"Commonplace books that survive from the Tudor period contain a huge variety of texts, including letters, poems, medical remedies, prose, jokes, ciphers, riddles, quotations and drawings. Sonnets, ballads and epigrams jostle with diary entries, recipes, lists of ships or Cambridge colleges and transcriptions of speeches. Collecting useful snippets of information so that they could be easily retrieved when needed, or re-read to spark new ideas and connections, was one of the functions of a commonplace book. But the practice of maintaining a commonplace book and exchanging texts with others also served as a form of self-definition: which poems or aphorisms you chose to copy into your book or to pass on to your correspondents said a lot about you, and the book as a whole was a reflection of your character and personality."
Tom Standage: How commonplace books were like Tumblr and Pinterest, drawing from the research for his forthcoming book.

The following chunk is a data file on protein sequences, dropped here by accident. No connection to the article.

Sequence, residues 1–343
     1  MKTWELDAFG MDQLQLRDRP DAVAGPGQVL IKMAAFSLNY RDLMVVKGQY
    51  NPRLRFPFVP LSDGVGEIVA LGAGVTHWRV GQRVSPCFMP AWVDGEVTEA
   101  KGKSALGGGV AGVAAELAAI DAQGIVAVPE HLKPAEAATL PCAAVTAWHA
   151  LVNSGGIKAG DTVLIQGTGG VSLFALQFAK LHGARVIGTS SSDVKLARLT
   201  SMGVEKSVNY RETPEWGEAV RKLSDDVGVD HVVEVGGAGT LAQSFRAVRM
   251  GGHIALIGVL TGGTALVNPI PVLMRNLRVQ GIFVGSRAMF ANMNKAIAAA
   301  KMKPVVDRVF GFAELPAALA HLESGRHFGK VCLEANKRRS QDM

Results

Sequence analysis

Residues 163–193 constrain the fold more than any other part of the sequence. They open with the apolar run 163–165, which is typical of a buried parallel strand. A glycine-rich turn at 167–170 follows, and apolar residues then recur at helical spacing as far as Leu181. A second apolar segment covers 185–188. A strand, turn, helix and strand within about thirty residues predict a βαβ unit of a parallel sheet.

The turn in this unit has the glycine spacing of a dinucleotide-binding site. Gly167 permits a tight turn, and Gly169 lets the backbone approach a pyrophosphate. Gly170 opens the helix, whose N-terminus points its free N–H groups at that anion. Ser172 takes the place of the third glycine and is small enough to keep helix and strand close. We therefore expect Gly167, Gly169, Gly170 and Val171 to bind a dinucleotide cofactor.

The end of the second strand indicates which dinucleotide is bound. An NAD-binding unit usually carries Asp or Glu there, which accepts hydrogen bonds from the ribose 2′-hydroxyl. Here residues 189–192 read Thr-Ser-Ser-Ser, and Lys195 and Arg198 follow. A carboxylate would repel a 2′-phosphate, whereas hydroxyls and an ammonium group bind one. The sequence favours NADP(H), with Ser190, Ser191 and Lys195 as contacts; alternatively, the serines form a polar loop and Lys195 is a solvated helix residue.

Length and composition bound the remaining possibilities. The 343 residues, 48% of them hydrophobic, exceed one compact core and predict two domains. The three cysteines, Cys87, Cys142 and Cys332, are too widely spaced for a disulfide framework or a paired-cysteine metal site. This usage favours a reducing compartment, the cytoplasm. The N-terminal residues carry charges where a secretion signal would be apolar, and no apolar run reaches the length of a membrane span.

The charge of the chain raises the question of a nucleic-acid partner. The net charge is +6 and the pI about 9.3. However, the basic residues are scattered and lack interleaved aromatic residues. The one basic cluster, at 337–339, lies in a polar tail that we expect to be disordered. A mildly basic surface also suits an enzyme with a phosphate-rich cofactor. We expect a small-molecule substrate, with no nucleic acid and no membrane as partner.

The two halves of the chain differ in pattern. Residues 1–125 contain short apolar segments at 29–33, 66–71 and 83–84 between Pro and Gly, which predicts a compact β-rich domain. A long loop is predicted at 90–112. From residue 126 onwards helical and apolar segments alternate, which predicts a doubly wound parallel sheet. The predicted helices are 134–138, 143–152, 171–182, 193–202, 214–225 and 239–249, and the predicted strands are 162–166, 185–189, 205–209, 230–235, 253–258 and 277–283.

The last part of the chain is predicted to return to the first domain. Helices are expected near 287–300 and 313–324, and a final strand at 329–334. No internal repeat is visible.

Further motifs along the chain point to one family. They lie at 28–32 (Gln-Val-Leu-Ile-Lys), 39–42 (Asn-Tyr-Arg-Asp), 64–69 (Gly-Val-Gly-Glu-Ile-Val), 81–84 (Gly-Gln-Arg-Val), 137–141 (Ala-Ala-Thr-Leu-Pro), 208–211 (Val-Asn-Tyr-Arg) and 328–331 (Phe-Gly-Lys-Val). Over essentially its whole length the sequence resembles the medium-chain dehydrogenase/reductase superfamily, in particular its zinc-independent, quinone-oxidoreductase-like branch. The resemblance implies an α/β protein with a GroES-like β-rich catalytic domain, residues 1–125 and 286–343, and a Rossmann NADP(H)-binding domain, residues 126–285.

See also: the distractions of social media, 1673 style.(via blech)
For the last two Scholarly Saturdays, I’ve featured articles on history (chivalry in the Middle Ages) and linguistics (comparing translations of the Old English poem Beowulf). Today, I’m going to focus on my other field of study, theology. I’m working on a master’s degree in the history of Christianity, and I’m going to spotlight one of the biggest reasons the early church was able to spread: the “cult of the saints,” or the relics, shrines, and rumored miracles associated with those believers who had been martyred by the Roman Empire. This is often denigrated as a rural “superstitious” practice, somehow “polluting” a “purer” form of the faith, but the reality is very different. Questions of power, ecclesiastical authority, state persecution, theological doctrine, social ties, urbanites vs. rural peasants (since Christianity was at first a city religion, the world pagan comes from the Latin paganus, meaning essentially “country bumpkin”) and more were brought into play around the Christian martyrs, and changed the social landscape and the body politic of the Catholic Church in many lasting ways.
To find out more, put on your walking shoes, grab your pilgrim stick and maybe some holy water, and join me below the jump where there be dragons: